Michigan's Slayer Statute prohibits someone from benefiting from a person's estate if he or she feloniously or intentionally caused that person's death. Other states have similar laws, and a recent case in New York touched on this issue.
The case involved a mentally-ill woman who had allegedly drowned her three children in 2008 because she thought she was preventing them from being harmed by the effects of voodoo. The court found the 33-year-old mother not guilty due to mental disease and sent her to a psychiatric hospital. However, the children had an estate of $350,000 because of a separate lawsuit that had been lodged against Nassau County because social workers allegedly failed to monitor the woman and her children. Workers had visited the home two days previously, but they did not make a follow-up visit after no one answered the door. The county subsequently settled the wrongful death cases.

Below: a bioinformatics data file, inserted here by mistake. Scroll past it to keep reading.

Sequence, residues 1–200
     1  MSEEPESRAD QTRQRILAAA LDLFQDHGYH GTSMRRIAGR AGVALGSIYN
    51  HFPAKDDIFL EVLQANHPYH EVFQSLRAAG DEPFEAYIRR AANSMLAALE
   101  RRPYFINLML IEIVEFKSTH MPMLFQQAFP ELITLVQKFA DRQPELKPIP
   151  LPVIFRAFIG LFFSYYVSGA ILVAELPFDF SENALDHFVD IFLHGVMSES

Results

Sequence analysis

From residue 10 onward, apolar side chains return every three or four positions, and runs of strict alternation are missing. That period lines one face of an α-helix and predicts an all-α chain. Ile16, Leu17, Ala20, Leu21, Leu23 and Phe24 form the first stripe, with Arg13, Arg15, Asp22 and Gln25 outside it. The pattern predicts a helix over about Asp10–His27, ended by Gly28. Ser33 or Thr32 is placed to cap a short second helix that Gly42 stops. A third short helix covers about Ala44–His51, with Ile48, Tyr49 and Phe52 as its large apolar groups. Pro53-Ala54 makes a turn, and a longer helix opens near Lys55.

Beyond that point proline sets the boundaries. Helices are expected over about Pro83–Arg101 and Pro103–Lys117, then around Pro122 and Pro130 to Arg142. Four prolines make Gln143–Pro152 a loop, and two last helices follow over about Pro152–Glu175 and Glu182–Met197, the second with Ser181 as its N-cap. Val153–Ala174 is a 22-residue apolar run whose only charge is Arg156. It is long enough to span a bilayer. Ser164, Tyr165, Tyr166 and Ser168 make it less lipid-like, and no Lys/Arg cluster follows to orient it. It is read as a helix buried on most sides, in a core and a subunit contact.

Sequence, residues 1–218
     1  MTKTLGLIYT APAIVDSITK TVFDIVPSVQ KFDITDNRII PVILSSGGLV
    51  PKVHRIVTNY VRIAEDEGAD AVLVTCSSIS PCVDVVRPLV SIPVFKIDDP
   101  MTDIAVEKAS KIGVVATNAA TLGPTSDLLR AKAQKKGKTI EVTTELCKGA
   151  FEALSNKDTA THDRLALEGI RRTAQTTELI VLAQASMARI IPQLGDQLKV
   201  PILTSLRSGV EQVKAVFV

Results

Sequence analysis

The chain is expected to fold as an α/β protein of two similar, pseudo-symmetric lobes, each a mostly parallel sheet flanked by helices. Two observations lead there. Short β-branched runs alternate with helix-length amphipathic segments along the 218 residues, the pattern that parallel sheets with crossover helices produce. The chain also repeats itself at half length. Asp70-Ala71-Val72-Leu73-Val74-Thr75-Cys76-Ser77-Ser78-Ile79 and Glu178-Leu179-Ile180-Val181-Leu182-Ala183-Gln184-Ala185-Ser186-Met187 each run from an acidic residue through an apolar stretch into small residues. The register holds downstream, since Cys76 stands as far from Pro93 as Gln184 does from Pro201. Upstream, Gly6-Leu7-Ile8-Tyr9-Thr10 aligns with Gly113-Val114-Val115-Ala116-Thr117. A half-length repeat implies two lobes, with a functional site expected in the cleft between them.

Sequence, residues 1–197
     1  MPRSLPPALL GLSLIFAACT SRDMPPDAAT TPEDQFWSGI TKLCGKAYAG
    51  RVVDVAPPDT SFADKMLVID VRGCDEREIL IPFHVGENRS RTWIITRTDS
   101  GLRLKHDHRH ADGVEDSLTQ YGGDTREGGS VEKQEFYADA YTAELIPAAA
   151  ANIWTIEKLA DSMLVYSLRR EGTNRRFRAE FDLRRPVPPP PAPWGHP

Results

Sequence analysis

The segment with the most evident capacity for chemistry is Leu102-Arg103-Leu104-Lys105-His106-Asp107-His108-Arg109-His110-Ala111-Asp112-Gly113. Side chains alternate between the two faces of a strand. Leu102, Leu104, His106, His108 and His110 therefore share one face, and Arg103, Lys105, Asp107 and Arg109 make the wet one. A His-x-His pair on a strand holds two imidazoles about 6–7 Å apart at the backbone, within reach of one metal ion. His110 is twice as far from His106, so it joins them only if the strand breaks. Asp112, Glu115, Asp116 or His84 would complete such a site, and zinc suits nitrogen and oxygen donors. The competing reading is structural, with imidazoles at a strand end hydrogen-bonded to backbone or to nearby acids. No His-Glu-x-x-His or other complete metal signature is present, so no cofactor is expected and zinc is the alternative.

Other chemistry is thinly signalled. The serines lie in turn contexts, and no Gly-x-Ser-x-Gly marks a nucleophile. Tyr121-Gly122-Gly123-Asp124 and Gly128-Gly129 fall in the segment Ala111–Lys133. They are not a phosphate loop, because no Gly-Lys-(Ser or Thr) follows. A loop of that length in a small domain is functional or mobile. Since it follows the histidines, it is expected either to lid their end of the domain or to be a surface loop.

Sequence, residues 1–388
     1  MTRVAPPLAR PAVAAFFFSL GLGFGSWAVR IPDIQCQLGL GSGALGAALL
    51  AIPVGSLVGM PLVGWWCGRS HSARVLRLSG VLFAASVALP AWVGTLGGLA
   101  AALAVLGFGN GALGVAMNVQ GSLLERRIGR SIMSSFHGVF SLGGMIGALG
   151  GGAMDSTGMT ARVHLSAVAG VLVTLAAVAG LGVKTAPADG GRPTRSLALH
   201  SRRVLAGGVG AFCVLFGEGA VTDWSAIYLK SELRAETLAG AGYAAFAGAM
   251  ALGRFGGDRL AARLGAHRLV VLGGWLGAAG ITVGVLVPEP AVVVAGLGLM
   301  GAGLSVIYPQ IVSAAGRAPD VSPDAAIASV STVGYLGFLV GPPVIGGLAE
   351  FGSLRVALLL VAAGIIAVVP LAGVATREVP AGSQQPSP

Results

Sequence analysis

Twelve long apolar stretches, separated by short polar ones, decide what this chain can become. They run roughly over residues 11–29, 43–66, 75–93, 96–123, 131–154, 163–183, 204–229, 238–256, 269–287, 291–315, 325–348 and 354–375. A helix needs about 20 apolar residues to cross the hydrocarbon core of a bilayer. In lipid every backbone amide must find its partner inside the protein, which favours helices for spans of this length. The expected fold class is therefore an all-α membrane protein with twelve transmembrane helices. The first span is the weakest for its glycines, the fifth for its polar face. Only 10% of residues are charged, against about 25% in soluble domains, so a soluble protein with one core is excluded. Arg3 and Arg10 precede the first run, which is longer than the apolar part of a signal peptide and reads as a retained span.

The state has a statute that prohibits criminals from profiting from their crimes. The Nassau County Court found that this law did not specifically apply to the case, but it ruled that the woman should not receive any money from her children's estate anyway. The judge said that the fact that the state could not criminally punish an insane defendant was not relevant in determining whether a killer should be able to inherit from the victim.
Although the children died without wills and thus their estates did not go through probate, the administration of estates involving state intestacy laws can often be complicated. An attorney with experience in estate planning may be able to advise family members of a decedent who died without a will in the event of a conflict.
Source: ABC News, "Judge: No Estate Rights for NY Mom Who Killed Kids", Frank Eltman, November 06, 2013